There are some interviews you look forward to and this was one. Steph Post lives down the road from me, so the speak, in the Sunshine State. She was born here but won a prestigious creative writing scholarship and went off to North Carolina for the Bachelors from Davidson College and her Masters from UNC Wilmington. Her full time gig is teaching at a performing arts school in Tampa. She is a fascinating, talented writer whose novel A Tree Born Crooked is due out in November 2014.
Synopsis: Thirty-six year old James Hart, with a tough-as-nails exterior and an aching emptiness inside, does not want to go home. Upon hearing of the death of his father, however, James decides to bite the bullet and return to Crystal Springs, Florida, a collapsed rural town running on the fumes of the occasional interstate tourists passing through. It is a place where dreams are born to die. Here, James discovers that he is too late for Orville’s funeral, but just in time to rescue his younger brother, Rabbit, from the deadly consequences of his petty crime life and, in the process, discover that he can’t escape the grips of his family, and might not even want to.
Steph was kind enough to answer a few questions. So let’s get to know the up and coming literary star.
Q: Imagine for a moment that you’re a famous, bestselling author. They’re making a movie out of your last book. What do you do next to top that you’re already achieved?
A: I would LOVE to have a television show made out of a novel of mine. I write cinematically already, so I don’t think this would be too far-fetched one day. But I think that television dramas are the new movies. The writing on shows such as Justified, Sherlock and True Detective is amazing! I think that this would be even more exciting than a film.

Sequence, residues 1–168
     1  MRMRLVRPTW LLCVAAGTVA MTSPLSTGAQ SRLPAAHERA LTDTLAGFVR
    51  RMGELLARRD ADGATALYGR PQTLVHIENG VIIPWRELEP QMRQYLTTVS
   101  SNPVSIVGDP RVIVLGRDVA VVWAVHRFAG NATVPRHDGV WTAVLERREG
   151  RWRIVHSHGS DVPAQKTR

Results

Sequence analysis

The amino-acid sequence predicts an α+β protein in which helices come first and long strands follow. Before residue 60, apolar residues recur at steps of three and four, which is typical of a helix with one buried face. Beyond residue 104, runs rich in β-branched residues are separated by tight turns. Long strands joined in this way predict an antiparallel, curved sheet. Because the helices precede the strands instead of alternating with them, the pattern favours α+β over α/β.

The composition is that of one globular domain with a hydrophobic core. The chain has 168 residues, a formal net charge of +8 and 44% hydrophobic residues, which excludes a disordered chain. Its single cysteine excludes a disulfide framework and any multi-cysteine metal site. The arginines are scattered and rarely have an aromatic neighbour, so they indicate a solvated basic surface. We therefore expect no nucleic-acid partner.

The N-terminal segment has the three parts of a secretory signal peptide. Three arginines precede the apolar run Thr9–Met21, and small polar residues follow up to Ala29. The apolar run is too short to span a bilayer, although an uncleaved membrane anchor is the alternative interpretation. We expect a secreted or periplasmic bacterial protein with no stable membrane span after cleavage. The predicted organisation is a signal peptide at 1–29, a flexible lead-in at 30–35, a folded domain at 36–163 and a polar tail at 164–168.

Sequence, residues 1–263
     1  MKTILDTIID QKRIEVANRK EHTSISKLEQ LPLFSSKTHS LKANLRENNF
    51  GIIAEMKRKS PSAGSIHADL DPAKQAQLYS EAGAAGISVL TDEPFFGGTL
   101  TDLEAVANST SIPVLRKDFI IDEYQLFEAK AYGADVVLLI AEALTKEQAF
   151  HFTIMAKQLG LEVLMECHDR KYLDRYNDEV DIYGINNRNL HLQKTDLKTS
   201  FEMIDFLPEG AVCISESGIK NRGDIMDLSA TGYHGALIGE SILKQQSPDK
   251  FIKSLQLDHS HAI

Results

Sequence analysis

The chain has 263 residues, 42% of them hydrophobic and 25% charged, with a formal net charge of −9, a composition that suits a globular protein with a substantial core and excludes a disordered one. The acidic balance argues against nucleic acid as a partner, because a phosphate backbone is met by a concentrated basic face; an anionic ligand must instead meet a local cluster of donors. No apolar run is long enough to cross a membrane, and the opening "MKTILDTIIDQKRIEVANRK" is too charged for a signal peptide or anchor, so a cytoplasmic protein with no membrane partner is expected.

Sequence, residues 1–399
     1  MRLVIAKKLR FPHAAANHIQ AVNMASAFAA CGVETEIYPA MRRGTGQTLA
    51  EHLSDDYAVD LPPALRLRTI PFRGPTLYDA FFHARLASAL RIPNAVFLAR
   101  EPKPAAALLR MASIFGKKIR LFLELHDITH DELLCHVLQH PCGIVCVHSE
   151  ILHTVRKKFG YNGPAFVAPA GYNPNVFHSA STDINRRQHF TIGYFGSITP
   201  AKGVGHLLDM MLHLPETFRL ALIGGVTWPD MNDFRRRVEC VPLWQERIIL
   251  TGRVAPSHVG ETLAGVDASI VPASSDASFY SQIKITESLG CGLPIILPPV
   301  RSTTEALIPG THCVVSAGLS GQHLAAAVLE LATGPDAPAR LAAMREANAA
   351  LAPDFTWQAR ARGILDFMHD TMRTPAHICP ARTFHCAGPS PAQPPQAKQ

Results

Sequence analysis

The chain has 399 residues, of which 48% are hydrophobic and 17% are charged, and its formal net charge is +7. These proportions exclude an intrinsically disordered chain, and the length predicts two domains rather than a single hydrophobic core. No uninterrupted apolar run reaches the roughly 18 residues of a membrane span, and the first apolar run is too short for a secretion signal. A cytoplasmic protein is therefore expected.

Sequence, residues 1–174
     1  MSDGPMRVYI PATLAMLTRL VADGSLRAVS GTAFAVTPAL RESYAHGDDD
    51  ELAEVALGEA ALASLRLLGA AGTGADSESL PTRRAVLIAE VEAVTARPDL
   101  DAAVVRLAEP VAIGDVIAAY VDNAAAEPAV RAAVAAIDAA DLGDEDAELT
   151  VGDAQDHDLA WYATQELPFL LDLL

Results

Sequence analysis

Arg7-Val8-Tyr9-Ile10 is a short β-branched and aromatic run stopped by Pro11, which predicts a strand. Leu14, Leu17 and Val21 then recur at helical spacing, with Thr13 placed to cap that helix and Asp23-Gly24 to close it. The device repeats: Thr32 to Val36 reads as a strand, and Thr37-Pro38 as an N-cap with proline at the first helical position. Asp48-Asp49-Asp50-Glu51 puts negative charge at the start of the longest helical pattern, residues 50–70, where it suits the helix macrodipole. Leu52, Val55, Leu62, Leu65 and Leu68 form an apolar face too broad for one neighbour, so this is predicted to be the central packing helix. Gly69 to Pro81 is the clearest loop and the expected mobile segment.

Q: Creativity comes in many ways – for example, painting, photography, sculpture, music and theater. What other things do you do or have you done that are examples of using your imagination or other artistic talents?
A: Before writing took up all of my time I used to paint. I loved painting because there was no pressure- it was just fun; I never had any ambitions about becoming a professional visual artist. I still miss it and hope that at some point I will have enough free time to get back to it.
Q: Many writers say that being creative becomes an integral part of their daily lives and part of their routine. How do you balance your responsibilities to others around your need to create?
A: Fortunately my husband and friends understand my writing obsession. When I get really focused I can spend ten or more hours at a time working on “the book” and everyone around me has learned to deal with it, I suppose. I only write, though, on the weekends or holidays. So during the week, I’m concerned with work, but it also gives me a chance to relax and have a somewhat “normal” day.
Q: Let’s talk about when you were a kid. In school were you a troublemaker, an instigator or the teacher’s pet? Explain.
A: I think I was pretty difficult to put in a box. I was very independent, but loved learning. I definitely spoke my mind a lot and this got me into trouble at times. For better or worse, I think I tend to transcend labels.
Q: Where do you see yourself at this moment in your life had you never decided to write a book?
A I imagine that I would have just finished up earning my Ph.D. Two years ago I was seriously considering doctoral programs, but then realized that I couldn’t do EVERYTHING all at once (even though I sometimes think I can). I made the decision to walk down the creative, instead of purely academic, path and I’m glad that I did.
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